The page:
For both the basting as well as the initial finish stitching, it helps to have a firm work surface — one that a needle can encounter without you worrying. If you have a glass top table, that works. I have been using a laptop lap desk that a friend gave me. It has a hard plastic surface and is the right size. Once the layers are integrated enough, you will be able to lap quilt without these concerns.

The heart can be a color of your choosing. Except for the red, the ones I have shown are a little too big, covering up too much of the weaving. As mentioned earlier, I will use traditional applique (with turned under edge), but you may use raw edge applique.

FABRIC

Any fabric is good. I like, though, that so many of you have indicated that you plan to use indigo. This will unify whatever other fabrics come in, making it easier for me to trust this, the way one trusts a potluck. Just please do me the favor of selecting fabric that a needle will easily stitch (i.e. no batik!! no jean-weight denim.)

DATE: August 31. Email me for my address when it comes time.

INSPIRATION

So much inspiration from Jude at Spirit Cloth! It would be impossible to overstate how much I value this generous, extraordinarily talented, ever-evolving and yet humble and curious, artist.  Here are just a few samples from her blog: ‘one step further‘, ‘weaving sanity‘, ‘just corners and squares‘ (this post includes a YouTube video), ‘creative growth‘, ‘some old moon‘, and ‘lining things up in December‘.

Here are a few of my weavings created after taking one of her online classes.
tops for sachetsreturning to 'treasure map' idea, this time with star map and red X's marking the spotIMG_5845I’ve archived some of the heart pieces I’ve made or photographed on flickr, here.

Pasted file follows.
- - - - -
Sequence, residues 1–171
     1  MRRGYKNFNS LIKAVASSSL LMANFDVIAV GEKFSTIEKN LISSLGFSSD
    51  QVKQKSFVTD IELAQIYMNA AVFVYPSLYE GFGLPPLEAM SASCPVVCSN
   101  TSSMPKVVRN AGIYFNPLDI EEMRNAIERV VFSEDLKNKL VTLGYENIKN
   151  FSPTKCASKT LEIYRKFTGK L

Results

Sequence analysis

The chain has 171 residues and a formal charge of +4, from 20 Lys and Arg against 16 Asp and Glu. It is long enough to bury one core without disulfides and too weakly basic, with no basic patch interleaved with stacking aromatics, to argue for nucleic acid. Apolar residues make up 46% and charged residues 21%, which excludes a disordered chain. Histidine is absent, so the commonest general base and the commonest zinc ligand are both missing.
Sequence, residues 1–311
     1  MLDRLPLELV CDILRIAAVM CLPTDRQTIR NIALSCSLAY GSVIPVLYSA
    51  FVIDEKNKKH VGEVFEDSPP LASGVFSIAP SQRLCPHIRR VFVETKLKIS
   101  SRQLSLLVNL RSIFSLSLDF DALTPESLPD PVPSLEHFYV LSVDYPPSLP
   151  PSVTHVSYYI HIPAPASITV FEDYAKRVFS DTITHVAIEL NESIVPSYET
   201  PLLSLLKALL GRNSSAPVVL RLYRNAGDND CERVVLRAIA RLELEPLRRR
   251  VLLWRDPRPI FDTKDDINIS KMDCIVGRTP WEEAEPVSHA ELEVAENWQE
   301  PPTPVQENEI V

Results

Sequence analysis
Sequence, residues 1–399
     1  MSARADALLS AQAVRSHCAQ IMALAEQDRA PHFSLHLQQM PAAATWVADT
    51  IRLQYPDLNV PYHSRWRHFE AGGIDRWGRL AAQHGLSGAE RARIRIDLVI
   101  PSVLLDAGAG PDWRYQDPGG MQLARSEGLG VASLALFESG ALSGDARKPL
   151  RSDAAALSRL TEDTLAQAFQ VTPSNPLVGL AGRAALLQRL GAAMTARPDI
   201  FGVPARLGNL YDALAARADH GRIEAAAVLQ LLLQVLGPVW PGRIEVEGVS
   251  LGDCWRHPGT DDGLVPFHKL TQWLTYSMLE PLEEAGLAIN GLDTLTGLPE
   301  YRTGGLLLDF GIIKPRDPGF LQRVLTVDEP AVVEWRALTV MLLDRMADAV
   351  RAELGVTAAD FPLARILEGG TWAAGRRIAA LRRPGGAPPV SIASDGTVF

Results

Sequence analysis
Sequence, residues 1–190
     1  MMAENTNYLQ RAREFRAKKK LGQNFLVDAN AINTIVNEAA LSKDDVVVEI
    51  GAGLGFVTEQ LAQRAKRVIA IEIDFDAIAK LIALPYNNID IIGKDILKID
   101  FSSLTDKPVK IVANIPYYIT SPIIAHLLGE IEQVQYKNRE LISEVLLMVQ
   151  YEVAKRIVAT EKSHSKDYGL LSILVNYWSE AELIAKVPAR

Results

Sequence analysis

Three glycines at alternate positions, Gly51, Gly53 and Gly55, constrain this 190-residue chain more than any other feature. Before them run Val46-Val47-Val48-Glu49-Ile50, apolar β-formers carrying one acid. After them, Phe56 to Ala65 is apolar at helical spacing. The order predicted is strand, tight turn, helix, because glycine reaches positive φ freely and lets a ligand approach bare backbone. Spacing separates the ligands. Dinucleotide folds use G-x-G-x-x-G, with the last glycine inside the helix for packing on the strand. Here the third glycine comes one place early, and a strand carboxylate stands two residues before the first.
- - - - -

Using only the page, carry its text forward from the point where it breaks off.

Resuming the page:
People stand outside as parishioners leave the Emanuel A.M.E. Church, Sunday, June 21, 2015, in Charleston, S.C., four days after a mass shooting at the church claimed the lives of its pastor and eight others. (AP Photo/Stephen B. Morton)

People stand outside as parishioners leave the Emanuel A.M.E. Church, Sunday, June 21, 2015, in Charleston, S.C., four days after a mass shooting at the church claimed the lives of its pastor and eight others. (AP Photo/Stephen B. Morton)

* Invisible baste is when you grab just a teeny knick of fabric on the top and let most of the thread between stitches run underneath. That way you can leave the stitches in when you are done, even if the thread is contrasting.

4 thoughts on “Nitty gritty for Hearts for Charleston Quilt

  1. Mo Crow

    thanks Dee of course I’ve rushed in and taken this window of opportunity to stitch out of the sorrow and mend with love, the heart cloth will be on it’s way to your place by Monday

    Reply
  2. Pingback: 9 of hearts | It's Crow Time

  3. Pingback: 9 of Hearts is on it’s way to the USA | It's Crow Time

Love to hear what you think!

Fill in your details below or click an icon to log in:

WordPress.com Logo

You are commenting using your WordPress.com account. Log Out / Change )

Twitter picture

You are commenting using your Twitter account. Log Out / Change )

Facebook photo

You are commenting using your Facebook account. Log Out / Change )

Google+ photo

You are commenting using your Google+ account. Log Out / Change )

Connecting to %s